Native plants have been reported to have antimicrobial and antioxidant properties for centuries, and indigenous plants have been used in herbal medicine to cure various diseases [1]. Many kinds of diseases have been treated with herbal remedies since ancient times. Herbal remedies are still being used extensively in many countries. Therefore, research on biologically active extracts and compounds from natural sources has been of great interest to scientists in an attempt to discover new sources for drugs that may be useful in combating infectious diseases. Many authors reported that it was necessary to establish a rational relationship between chemical, biological and therapeutic activities in traditional medicine [2,3]. In recent years, there has been a resurgence of interest in evaluating plants possessing antibacterial activities for various diseases [4,5]. A number of studies dealing with antimicrobial screening of extracts medicinal plants have been conducted [6,7]. Current research on free radicals confirms the essential role played by rich foods in antioxidants in the prevention of cardiovascular diseases and cancers [8,9], neurodegenerative diseases, including Parkinson's and Alzheimer's diseases [10] and inflammation problems of aging cutaneous cells [11,12].

Tunisian natural herbs are being more widely used on a commercial scale in the food industry, in traditional medicine, and for their flavoring properties [13]. Wild plants, including Henophyton deserti, are widely used as medicines by populations that inhabit the rural parts of southern Tunisia. H. deserti Coss. & Durieu, Synonym Oudneya Africana R. Brown, is an endemic Saharan plant of the Brassicaceae alt. Cruciferae family. This shrub has great potentialities to provide different products and services as forage, traditional medicine, halting desert encroachment and stabilizing sand dunes [14]. The seeds and leaves of these plants are usually prepared and used to treat digestive problems, arthritis, colds and flu, fevers, irritability, and scorpion bites [13,15]. Until recently, this species has only been studied for its chemical properties by Stocker et al. [16]. This study showed a strong inhibitory effect of phenolic extracts of H. deserti on the porcine kidney acylase-I activity.

Apart from this study, we could not find any other inquiry into biological activities of this genus. Therefore, the aim of this study is to evaluate in vitro antimicrobial and antioxidant activities of H. deserti in addition to their chemical compositions of the main fatty acids and phenolic compounds such as flavanoids by liquid chromatography/mass spectrometry (LC/MS) and gas chromatography/mass spectrometry (GC/MS).

2 Materials and methods

2.1 Plant material

Aerial parts and mature seeds of H. deserti were collected in March and June 2005, respectively, from Bir Soltan located in the Grand Erg Oriental (33° 17, 05 N; 09° 42, 41 E). This species was identified by Pr. Mohamed Chaieb. Voucher specimens were deposited at the Herbarium of the laboratory of Biology & Ecophysiology of Plants, Department of Science, University of Sfax, Tunisia.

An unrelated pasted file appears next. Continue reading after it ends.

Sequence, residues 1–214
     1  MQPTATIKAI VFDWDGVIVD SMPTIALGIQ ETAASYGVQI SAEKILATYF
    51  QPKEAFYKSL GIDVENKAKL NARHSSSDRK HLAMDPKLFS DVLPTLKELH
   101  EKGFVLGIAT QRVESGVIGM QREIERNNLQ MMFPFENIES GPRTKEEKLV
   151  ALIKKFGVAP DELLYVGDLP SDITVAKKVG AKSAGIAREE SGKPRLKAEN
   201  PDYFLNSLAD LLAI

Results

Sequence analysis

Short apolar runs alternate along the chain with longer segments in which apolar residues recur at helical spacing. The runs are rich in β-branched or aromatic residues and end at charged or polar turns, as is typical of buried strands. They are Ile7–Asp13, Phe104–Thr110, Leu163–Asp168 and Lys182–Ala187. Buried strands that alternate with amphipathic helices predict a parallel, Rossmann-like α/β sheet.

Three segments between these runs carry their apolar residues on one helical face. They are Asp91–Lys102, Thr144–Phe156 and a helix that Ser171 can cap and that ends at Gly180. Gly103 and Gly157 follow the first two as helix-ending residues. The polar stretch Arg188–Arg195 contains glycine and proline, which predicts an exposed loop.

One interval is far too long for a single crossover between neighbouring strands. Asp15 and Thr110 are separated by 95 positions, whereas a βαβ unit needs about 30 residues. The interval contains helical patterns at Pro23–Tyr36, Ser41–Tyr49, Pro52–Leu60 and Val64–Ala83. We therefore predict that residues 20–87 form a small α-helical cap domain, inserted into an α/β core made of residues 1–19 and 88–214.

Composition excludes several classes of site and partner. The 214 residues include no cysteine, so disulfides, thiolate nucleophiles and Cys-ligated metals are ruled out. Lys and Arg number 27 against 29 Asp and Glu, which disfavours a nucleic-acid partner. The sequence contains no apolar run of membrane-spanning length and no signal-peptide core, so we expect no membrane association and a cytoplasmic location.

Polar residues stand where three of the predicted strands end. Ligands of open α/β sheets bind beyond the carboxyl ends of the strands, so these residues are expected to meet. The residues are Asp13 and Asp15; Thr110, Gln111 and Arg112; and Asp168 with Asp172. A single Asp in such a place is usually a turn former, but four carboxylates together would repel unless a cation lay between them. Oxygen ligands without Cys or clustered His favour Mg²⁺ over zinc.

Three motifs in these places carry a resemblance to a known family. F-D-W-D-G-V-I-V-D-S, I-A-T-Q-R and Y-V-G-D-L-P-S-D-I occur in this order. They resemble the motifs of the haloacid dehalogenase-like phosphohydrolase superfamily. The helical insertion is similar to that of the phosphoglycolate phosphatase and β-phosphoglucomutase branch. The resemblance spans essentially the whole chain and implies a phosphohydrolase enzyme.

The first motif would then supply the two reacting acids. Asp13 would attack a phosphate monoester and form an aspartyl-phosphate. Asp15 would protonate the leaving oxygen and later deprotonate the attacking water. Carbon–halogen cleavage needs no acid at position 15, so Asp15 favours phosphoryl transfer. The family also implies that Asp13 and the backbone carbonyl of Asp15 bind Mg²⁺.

2.2 Extraction procedures

The dried powdered seeds (14.5 g) and leaves (52.54 g) of H. deserti were subjected to successive solvent extraction (hexane, ethyl acetate and methanol) for 12 h under a continuous reflux setup in a Soxhlet extractor. The extracts were concentrated under reduced pressure (rota vapour) then preserved at +4 °C. Residues of plant extracts were dissolved in 50 mg ml−1 ethanol/water (20/80, v/v) before use in antimicrobial assay.

2.3 GC/MS analysis

An aliquot of 1 ml extract was injected, splitless, into the GC/MS (5975B inert MSD Agilent). The data were displayed on a DB-5MS column, 30 m in length, 0.25 mm i.d. and 0.25 mm in thickness (Agilent Technologies, J&W Scientific Products, USA). The carrier gas was helium. GC oven temperature started at 100 °C and was held for 1 min at 260 °C and then for 10 min with program rate 4 °C min−1. The injector and detector temperatures were set at 250 and 230 °C, respectively. The mass range was scanned from 50 to 550 amu. The control of the GC/MS system and the data peak processing were carried out by means of the MSDCHEM software.

2.4 Fatty acid determination (GC)

The fatty acid composition of the oils was determined by gas chromatography (GC) as fatty acid methyl esters (FAMEs). FAMEs were prepared by saponification/methylation with sodium methylate according to the European Union Commission modified Regulation EEC 2568/91. A chromatographic analysis was performed in a SHIMADZU set 17A Series II gas chromatograph using a capillary column (stabilwax, Restek). The column temperature was isothermal at 180 °C and the injector 230 °C and detector temperatures were 250 °C. Fatty acids were identified by comparing retention times with standard compounds and expressed as percentage of fatty acid methyl esters.

2.5 LC–MS/MS analysis